Q: On the trilateral on Thursday, in light of the Japanese-South Korean kind of recent understanding of historical issues, can you comment on the significance of having both Prime Minister Abe and President Park in the same room? And will that signify a shift in strategy, dealing with North Korea going forward? And then on the bilateral with President Xi, last time he was here he pretty blatantly promised that there would be no more militarization on the South China Sea. Is President Obama going to call him out on that in light of recent Chinese activity there? How will he approach that issue? Thanks.
Mr. Rhodes: Well, I'll start on that. First of all, the last time I think we had a meeting -- a trilateral meeting with the Republic of Korea and Japan was at the last Nuclear Security Summit when the two countries were not, let's say, enjoying particularly good relations. And we very much supported and applauded both leaders for reaching an important agreement in dealing with comfort women and the historical legacy issues, and we believe that they both showed a lot of courage and vision to forge a lasting settlement on that issue.
Bottom line for us is that we believe it's good for the Republic of Korea, good for Japan, good for the United States, and good for the world when not only do we have good relations with our allies but our allies have good relations with each other. And given the shared threat posed by North Korea, and given the many shared interests between the Republic of Korea and Japan, we believe that facilitating greater security cooperation and improved relations is good for both countries, good for us, and good for the Asia Pacific broadly.
On the South China Sea, I'd just say that we once again reiterated the principles that we would uphold as it relates to maritime disputes in the South China Sea -- most recently at Sunnylands. Non-militarization was certainly one of those principles, along with the peaceful resolution of disputes, support for resolving the issues consistent with international law. That's not to single out China. That's a principle that we would support as it relates to any country. And we'll be very clear where we believe that there is behavior that is counter to those principles, just as we're very clear in our own interests in promoting international principles like freedom of navigation.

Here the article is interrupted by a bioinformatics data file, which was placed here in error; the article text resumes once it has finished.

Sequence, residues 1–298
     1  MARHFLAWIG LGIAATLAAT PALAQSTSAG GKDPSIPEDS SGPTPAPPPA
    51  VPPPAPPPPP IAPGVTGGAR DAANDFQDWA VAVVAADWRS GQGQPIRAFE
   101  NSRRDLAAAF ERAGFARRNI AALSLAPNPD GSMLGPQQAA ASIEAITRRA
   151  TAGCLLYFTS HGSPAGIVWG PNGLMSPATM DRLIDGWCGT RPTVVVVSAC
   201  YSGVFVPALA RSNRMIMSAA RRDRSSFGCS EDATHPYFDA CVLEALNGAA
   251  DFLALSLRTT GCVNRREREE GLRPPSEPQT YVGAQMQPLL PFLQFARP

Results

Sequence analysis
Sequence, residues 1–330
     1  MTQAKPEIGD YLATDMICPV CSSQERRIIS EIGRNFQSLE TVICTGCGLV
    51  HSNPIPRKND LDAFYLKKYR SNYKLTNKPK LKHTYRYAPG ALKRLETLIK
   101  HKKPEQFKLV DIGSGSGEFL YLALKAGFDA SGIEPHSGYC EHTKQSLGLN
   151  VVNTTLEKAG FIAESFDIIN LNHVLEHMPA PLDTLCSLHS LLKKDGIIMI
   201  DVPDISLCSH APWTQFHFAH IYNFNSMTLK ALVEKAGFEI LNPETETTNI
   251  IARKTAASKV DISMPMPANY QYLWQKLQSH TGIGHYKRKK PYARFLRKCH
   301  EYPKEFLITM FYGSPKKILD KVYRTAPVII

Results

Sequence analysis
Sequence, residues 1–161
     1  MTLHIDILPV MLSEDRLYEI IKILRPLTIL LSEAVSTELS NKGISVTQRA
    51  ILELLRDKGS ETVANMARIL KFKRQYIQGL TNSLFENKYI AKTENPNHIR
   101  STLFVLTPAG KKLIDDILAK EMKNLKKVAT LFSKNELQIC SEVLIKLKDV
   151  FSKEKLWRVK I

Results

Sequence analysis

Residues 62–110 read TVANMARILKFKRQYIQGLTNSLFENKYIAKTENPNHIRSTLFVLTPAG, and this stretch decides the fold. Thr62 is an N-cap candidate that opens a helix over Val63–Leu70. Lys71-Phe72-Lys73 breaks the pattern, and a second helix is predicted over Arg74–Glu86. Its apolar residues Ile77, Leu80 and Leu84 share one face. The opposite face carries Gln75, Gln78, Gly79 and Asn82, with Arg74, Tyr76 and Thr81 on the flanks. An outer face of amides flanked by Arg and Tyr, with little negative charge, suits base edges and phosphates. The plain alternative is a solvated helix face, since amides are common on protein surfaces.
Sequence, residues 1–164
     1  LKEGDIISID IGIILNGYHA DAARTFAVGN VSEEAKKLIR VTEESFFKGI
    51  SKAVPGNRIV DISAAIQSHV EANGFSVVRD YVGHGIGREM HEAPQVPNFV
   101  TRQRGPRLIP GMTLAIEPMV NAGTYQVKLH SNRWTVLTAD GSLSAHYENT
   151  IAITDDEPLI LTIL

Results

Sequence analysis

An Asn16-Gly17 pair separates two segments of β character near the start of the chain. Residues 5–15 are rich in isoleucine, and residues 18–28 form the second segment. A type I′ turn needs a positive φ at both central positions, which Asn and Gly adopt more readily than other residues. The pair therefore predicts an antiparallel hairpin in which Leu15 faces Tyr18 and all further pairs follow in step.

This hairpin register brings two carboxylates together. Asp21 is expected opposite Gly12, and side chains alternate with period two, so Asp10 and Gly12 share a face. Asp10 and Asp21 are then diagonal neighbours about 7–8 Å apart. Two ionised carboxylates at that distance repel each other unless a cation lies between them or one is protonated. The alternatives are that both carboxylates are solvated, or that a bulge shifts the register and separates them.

Q: Can you say more about what the conversation -- even though it's not a formal meeting -- with Erdogan might be, especially given the ordered departures today? And how concerned -- how much concern is there about the ISIS presence, the recent attacks, as well as the Kurdish separatist attacks in Turkey? Thank you.
Mr. Rhodes: Thanks, Andrea. I would just say that we clearly have a very broad agenda that we're working through with the Turks right now. And the President has had very regular conversations with President Erdogan in both meetings and phone calls in recent weeks and months.
Number one, we do share a lot of common interests. We share an interest in countering ISIL, and Turkey continues to play an important role in the counter-ISIL coalition, including supporting and hosting certain coalition efforts. We share an interest in managing the enormous refugee challenge, and Turkey is hosting an enormous number of Syrian refugees and is working closely with the EU to find ways to address that crisis and to provide humanitarian support.